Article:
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  1. A Republic Forms in Rome Power point presentation created by Robert L. Martinez epistemic-forms.com Primary Content Source: Prentice Hall World History Images as cited.

  2. Rome began as a small city-state in Italy but ended up ruling the entire Mediterranean world. cosworldhistory.pbworks.com

  3. The Italian peninsula looks like a boot, jutting into the Mediterranean Sea. The peninsula is centrally located in the Mediterranean, and the city of Rome is in the center of Italy. bible-history.com

  4. This location helped the Romans as they expanded. Because of its geography, Italy was much easier to unify than Greece. Unlike Greece, Italy was not broken up into small, isolated valleys. vampirehigh.org

  5. Italy also had the advantage of broad, fertile plains. These plains supported a growing population. lazioexplorer.com

  6. The ancestors of the Romans, the Latins, migrated into Italy by about 800 B .C. For a time, the Etruscans ruled much of central Italy, including Rome itself. crystalinks.com

  7. The Romans adapted the Etruscan alphabet and the use of the arch in building and engineering techniques. spartacus.schoolnet.co.uk

  8. The Romans drove out their Etruscan rulers in 509 B.C.E. This date is considered the beginning of the Roman state. muntucha.blogspot.com

  9. The Romans set up a new government in which some officials were chosen by the people. They called it a republic. Romans thought, a republic would keep any one individual from gaining too much power. studyingsocieties.wikispaces.com

  10. The most powerful body of the republic was the senate. Its 300 members were all patricians, the landowning upper class. The senate elected to consuls to supervise the business of the government and command of the armies. They to serve only one term. simplyrome.org

  11. In the event of war, the senate might choose a dictator, who had complete control over the government. Each term was limited to six months. yeseniaramirez14.blogspot.com

  12. Cincinnatus was seen as a model dictator. He organized the army, led the Romans to victory over the attacking enemy, attended victory celebrations, and returned to his farmlands – all within 16 days. cincinnativiews.net

  13. Plebeians, the farmers, merchants, artisans, and traders who made up the bulk of the population, had little influence in government. Their efforts to share power shaped politics in the early republic. crystalinks.com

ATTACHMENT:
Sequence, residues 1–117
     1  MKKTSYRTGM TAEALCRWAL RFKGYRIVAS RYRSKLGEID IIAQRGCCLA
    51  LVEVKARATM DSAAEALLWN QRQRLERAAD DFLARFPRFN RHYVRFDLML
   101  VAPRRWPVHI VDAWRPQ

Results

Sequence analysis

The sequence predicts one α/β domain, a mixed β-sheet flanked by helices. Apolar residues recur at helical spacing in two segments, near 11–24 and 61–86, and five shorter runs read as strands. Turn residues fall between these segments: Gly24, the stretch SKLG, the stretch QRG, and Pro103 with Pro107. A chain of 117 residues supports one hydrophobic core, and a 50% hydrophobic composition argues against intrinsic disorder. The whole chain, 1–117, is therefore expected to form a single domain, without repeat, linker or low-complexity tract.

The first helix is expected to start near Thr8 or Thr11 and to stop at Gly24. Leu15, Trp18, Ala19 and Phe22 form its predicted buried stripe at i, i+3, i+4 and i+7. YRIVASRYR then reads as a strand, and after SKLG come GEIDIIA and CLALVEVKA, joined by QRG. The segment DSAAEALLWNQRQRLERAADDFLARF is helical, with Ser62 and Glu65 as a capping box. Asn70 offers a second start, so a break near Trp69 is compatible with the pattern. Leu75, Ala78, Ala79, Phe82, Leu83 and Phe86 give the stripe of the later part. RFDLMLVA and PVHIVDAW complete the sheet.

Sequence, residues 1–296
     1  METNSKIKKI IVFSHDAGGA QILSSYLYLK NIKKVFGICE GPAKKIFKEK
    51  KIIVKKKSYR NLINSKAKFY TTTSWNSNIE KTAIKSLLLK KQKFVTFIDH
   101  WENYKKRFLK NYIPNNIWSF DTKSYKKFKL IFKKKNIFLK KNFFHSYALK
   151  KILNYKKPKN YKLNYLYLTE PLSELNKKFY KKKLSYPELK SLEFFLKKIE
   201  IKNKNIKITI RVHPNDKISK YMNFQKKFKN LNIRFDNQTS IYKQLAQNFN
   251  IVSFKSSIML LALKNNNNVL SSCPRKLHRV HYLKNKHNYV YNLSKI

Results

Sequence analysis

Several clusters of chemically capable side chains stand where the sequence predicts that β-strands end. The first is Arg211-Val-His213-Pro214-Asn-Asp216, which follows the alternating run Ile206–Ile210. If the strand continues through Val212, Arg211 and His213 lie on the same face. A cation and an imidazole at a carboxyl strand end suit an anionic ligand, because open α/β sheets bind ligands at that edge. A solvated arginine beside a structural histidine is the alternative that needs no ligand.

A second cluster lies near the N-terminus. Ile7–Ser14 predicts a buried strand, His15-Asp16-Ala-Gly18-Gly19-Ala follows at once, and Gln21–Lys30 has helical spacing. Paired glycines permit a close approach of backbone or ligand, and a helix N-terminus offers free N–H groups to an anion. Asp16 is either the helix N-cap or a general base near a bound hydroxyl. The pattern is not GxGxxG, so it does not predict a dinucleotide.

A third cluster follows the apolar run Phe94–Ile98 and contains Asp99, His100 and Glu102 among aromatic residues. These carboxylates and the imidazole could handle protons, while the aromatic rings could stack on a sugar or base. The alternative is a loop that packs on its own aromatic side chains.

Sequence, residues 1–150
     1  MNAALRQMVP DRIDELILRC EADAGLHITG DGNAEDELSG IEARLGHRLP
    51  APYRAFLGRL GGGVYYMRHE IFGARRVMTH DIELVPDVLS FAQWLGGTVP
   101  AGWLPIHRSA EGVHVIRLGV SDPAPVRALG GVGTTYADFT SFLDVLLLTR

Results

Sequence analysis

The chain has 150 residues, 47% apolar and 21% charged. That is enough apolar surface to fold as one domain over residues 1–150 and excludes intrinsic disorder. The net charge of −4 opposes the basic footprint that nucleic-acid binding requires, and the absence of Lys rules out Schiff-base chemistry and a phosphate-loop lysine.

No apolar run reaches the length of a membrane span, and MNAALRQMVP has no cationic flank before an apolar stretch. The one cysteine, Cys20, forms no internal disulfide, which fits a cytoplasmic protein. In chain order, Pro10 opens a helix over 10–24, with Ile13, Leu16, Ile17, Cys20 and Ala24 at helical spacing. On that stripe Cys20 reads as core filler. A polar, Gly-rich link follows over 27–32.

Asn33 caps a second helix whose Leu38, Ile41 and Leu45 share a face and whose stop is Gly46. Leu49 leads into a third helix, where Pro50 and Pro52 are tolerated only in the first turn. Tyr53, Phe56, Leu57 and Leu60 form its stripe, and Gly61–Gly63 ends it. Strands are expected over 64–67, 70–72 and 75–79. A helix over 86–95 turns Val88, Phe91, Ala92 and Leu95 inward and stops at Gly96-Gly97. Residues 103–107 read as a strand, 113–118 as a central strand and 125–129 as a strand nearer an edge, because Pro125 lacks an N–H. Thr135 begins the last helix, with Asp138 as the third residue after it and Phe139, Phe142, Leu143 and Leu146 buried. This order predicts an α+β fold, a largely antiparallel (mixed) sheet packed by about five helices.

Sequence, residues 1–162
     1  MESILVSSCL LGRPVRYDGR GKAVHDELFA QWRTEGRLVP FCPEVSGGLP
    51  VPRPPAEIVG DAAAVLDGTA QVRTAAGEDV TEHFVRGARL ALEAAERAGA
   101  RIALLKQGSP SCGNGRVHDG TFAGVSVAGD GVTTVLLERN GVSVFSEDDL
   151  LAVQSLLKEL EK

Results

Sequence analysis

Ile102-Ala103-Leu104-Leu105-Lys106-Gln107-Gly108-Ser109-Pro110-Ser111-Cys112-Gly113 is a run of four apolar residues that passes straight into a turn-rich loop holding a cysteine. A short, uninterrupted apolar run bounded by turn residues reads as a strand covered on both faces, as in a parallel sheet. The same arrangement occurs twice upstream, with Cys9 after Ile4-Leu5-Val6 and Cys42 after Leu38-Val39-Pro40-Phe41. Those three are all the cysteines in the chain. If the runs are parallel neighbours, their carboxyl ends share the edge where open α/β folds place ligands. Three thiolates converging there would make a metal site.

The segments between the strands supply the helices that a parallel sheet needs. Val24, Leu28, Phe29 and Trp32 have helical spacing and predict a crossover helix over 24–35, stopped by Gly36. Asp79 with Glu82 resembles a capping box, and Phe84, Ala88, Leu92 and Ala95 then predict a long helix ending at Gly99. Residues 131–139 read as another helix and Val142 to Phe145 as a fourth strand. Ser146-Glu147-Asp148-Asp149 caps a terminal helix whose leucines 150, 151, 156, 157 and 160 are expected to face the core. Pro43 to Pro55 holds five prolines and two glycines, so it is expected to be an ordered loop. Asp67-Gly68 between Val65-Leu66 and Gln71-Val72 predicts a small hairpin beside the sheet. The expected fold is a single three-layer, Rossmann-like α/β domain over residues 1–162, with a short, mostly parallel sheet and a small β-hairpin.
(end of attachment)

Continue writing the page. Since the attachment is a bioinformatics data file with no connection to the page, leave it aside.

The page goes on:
14. Plebeians had argued that the republic’s laws were not written down and accessible to all. The Laws of the Twelve Tables set up in the Forum (marketplace) made it possible for plebeians to appeal judgments handed down from the patricians. schools.scusd.edu

  15. Over time, the plebeians gained the right to elect their own officials , called tribunes, to protect their interests. The tribunes could veto, or block, laws that they felt were harmful to plebeians. Eventually, plebeians were also chosen as consuls to the Senate. fineartamerica.com

  16. As Rome’s political and social systems evolved at home, its armies expanded Roman power across Italy. theancientworld.net

  17. Rome’s success was due to skillful diplomacy and to its loyal, well-trained army. The basic military unit was the legion, made up of about 5,000 men. picsbox.biz

  18. Roman armies consisted of citizen-soldiers who fought without pay and supplied their own weapons. Roman citizens made good soldiers because they were brought up to value loyalty, courage, and respect for authority. mitchellteachers.org

  19. To ensure success, Roman commanders mixed rewards with harsh punishment. Young soldiers who showed courage in action won praise and gifts. If a unit fled from battle, however, 1 out of every 10 men from the disgraced unit was put to death. quizlet.com

  20. Rome generally treated defeated enemies with justice. Conquered peoples had to acknowledge Roman leadership, pay taxes, and supply soldiers for the Roman army. In return, Rome let them keep their own customs, money, and local government. dipity.com

  21. To a few privileged groups among the conquered people, Rome gave the highly prized right of full citizenship. As a result of such generous policies, most conquered lands remained loyal to Rome. vroma.org

  22. To protect its conquests, Rome posted soldiers throughout the land. It built a network of all-weather military roads to link distant territories to Rome. sbceo.k12.ca.us

  23. As trade and travel increased, local peoples incorporated Latin into their languages and adopted many Roman customs and beliefs. Slowly, Italy began to unite under Roman rule. www2.rgzm.de